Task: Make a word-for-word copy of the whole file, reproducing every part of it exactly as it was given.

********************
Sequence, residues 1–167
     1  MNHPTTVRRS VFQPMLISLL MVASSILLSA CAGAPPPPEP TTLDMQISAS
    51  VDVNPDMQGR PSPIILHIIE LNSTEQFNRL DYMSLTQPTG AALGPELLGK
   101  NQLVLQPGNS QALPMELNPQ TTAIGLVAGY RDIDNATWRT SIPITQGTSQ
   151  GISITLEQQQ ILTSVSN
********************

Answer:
Sequence, residues 1–167
     1  MNHPTTVRRS VFQPMLISLL MVASSILLSA CAGAPPPPEP TTLDMQISAS
    51  VDVNPDMQGR PSPIILHIIE LNSTEQFNRL DYMSLTQPTG AALGPELLGK
   101  NQLVLQPGNS QALPMELNPQ TTAIGLVAGY RDIDNATWRT SIPITQGTSQ
   151  GISITLEQQQ ILTSVSN